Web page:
Ranch life in the Big Sky state through the eyes of one who has lived through it...so far.

Sunday, April 01, 2012

Just a Tiny Bit of Difference

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Six years ago we came home to the ranch from Oregon for Christmas. There was almost no snow. The temperatures were in the forties. I went hiking across the pastures and down the coulees and thought, "Wow, this global warming thing is kind of awesome." So we decided to move back to Montana.

Fast forward to March of 2008. For the first time in years, it snowed all the way through calving. We had drifts clear into April. Same thing in 2009, only worse. I didn't start this blog until March of that year, but here's a photo from that month:


Then came 2010. It got ugly. We had two major blizzards in April that scattered cattle all over the countryside and some of our neighbors had big death losses with their new calves. We were very lucky, only two of our smallest and already feeble ones came up missing and were never found. Everything else survived, even though it snowed and blew for three days straight and when we tunneled out of our house the yard looked like this. And yes, that is our chore pickup just barely peeking out of the drift in front of the barn.


Then came last year. It started snowing at Thanksgiving--cancelling my planned trip to South Dakota, thank you very much--and never stopped. By the time it was done we'd broken all kinds of records and the snowpack in Glacier National Park was so deep they didn't get the Going to the Sun highway opened up until mid July, one of the latest dates ever. Here at home, the yard looked like this in March:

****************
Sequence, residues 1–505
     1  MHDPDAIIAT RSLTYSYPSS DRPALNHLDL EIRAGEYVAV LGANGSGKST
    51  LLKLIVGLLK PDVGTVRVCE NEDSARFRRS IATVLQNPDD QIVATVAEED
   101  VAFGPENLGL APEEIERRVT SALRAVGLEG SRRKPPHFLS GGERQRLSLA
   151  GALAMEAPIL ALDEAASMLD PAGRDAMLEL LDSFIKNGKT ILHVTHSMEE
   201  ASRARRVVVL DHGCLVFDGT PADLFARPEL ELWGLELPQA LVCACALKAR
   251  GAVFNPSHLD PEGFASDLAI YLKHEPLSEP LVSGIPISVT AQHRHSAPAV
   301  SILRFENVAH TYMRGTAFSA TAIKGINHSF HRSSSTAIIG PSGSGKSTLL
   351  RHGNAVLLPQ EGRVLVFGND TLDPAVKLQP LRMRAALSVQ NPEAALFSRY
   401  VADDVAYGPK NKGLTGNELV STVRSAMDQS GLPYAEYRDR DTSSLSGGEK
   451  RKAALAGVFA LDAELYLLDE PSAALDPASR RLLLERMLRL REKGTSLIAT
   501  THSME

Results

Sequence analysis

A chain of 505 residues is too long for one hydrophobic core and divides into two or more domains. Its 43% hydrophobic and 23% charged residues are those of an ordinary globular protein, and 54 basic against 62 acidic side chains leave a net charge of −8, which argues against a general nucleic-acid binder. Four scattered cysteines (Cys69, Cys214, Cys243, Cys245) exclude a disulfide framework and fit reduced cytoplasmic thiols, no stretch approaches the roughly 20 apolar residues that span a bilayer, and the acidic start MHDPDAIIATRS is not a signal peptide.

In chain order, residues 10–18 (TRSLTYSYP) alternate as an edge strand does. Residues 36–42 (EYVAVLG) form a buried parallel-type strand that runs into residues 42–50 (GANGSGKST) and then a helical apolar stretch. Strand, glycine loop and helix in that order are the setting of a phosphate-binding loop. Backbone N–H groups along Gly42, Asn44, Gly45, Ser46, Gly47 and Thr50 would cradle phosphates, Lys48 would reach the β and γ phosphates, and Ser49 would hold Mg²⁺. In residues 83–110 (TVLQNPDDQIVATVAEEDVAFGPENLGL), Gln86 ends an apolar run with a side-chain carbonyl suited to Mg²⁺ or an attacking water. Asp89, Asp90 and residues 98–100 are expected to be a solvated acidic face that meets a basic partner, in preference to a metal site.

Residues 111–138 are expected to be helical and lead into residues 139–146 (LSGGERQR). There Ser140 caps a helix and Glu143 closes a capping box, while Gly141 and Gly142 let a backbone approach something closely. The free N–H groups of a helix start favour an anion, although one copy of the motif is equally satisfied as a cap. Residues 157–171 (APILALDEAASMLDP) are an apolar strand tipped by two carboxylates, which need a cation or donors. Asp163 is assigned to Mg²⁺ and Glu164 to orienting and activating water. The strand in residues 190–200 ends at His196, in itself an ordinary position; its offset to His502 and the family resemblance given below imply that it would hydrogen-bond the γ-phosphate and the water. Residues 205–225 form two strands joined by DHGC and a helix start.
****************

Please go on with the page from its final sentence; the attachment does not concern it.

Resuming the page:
By the end of calving season last year I was ready to pack it up and move south. This was not what we'd been promised during those balmy Christmas visits that lured us home. Well, I'm happy to say good old Mother Nature must have decided we were due for a break, because this winter has been wonderful. We've had snow but nothing like the last four years, and intermingled with warm sunny days that melted most of it away between storms. The yard this year on April 1st?


Ahh. Better. There's even a little green grass starting to show. Plus it's been great for calving, which is good because things have been a bit unpredictable this year. Calves started popping out a couple of weeks ahead of schedule. We're quite sure we have a clandestine visit from my Aunt Lorraine's Charolais bulls to blame. Given that we have nearly all black Angus cows and only black Angus bulls, the evidence is pretty hard to hide:





Gotta admit, though. They are danged cute. 

When we were kids we each had a cow of our own. When the calf sold in the fall the money went into our savings account. We got to take our little red passbook into the bank and have the lady write the deposit in it and then the new total. I thought I was so grown up and important. I thought it was even cooler when it came time to go to college and all of those calf checks were waiting to help me buy books.